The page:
The longer I am in recovery, the more control I want to have over my life and this includes my financial future. I’ve always been abominable with money! There have been times in my life when I was living on the bones of my ass and there have been times when I would have considered myself fairly flush, but it’s always been “easy come, easy go” when it come to money and me. No matter how much I made, I’d always be broke at the end of the month and as a woman in her early 40s I have virtually nothing to show for my years and years of hard work. And I’ve always been somewhat flippant about my lack of investments, any sort of retirement plan and the non-existence of any real assets. I have a couple of things here and there, but if push came to shove, I’d be in a world of economic pain. I did recently buy a car in preparation for my return to South Africa next month and although I wouldn’t wanted to have admitted it in my carefree, unencumbered addict days, it felt really grown up and satisfying to use my hard-earned money to buy something real.
I’ve worked extremely hard over the past 13 months in a place I abhor, separated from my loved ones, so that I could save some money to jump start my future back home. It’s been really tough and there have been days when I wanted to throw in the proverbial towel and jump on the next available plane, but I’ve stuck it out and only have another five weeks to go. It’s been a real test on my patience, and sometimes sanity, but us recovering addicts are tough! And I’ve managed to put a good amount of money away this year so that I can really start to build my dreams, and believe me they do come at an emotional, mental and financial price. In fact, yesterday was the first time in over four weeks that I shared so much as a cup of coffee with someone. My position in the university where I work leaves me in something of a personal limbo, so I spend a good deal of my time away from work alone. However, the upside is that I have saved my money and learned an incredible personal lesson along the way.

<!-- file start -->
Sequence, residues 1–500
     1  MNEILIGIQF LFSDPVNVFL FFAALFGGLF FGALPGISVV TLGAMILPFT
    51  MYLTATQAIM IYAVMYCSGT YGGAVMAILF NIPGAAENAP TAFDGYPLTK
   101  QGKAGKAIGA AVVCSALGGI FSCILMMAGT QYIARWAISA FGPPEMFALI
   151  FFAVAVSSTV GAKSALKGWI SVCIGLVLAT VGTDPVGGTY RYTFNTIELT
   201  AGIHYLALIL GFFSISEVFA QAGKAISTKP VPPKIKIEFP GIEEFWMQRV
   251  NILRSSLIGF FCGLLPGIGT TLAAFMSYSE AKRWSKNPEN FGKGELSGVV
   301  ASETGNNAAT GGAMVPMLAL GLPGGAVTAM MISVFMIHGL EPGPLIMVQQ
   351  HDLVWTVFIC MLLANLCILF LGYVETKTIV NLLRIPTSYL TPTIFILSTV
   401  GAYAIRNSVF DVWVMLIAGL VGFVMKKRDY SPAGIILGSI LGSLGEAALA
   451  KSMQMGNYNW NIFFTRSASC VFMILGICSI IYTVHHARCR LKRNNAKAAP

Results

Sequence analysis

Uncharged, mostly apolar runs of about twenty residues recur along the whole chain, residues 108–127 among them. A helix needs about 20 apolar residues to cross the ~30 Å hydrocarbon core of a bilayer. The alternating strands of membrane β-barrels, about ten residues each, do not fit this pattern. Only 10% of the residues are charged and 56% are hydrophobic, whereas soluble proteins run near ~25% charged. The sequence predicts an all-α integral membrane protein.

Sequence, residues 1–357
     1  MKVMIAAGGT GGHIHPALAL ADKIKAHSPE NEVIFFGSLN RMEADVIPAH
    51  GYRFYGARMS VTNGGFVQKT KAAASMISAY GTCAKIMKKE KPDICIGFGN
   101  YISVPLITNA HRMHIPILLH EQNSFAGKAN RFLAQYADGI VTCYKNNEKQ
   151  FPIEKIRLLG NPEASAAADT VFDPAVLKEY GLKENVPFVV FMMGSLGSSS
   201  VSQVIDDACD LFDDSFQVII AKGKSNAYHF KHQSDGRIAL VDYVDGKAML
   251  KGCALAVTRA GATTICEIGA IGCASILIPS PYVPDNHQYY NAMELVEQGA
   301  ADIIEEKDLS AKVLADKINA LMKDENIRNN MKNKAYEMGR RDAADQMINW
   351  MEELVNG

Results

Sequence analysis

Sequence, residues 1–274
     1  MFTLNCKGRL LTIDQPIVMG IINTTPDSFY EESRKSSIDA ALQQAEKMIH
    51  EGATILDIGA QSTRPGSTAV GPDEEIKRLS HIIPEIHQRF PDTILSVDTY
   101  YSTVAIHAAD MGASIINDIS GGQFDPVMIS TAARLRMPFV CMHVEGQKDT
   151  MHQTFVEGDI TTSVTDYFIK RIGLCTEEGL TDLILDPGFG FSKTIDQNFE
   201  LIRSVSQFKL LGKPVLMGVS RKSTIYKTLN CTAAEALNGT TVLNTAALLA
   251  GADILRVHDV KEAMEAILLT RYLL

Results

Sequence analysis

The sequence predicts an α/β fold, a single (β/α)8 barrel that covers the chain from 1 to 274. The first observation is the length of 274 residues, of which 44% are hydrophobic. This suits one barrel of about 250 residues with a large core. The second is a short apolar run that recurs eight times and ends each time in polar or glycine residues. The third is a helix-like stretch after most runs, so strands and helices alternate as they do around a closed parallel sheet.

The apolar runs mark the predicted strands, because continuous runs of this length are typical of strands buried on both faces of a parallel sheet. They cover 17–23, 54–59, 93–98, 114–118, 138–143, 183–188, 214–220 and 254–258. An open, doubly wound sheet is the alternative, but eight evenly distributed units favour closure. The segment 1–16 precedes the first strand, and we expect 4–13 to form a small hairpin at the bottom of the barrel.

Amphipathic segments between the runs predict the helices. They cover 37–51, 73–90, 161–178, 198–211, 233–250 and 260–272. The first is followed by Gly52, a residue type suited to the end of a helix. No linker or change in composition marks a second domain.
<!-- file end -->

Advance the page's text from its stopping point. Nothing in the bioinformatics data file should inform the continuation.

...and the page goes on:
The truth is that we take so much in our lives for granted. Whether it’s sharing a meal with friends and family, taking a walk along the beach with a loved one or attending an event like a wedding or graduation. Being so isolated over this time has made me appreciate how priceless time with our loved ones is. I’ve always known that, but talking to those back home home who say things like, “Oh, I just went up the road to have tea,” or “I’m really not doing anything this weekend. All I have on is a dinner with friends,” makes me see that we need to be more appreciative of those moments that we do get to share. But I digress…
So one of the steps I am taking towards my financial freedom is learning to trade. It’s a little daunting, but it’s exciting to learn something new that is stretching me intellectually. And sometimes when I look at the charts I am studying it reminds me of the path of recovery. Highs and lows, sometimes sideways’ moves, but never unchanging. It’s the nature of things to be dynamic and inconsistent, and it is in that we find life’s exhilaration. It’s exciting to feel inspired and motivated to take ever-increasing control of all the elements of my life, rather than being a passive participant in the unfolding adventure. And the more of the story that’s written, they more motivated I am to continue along this road of recovery that is lined with promise, potential and beauty in all myriad of forms.
‘Til next time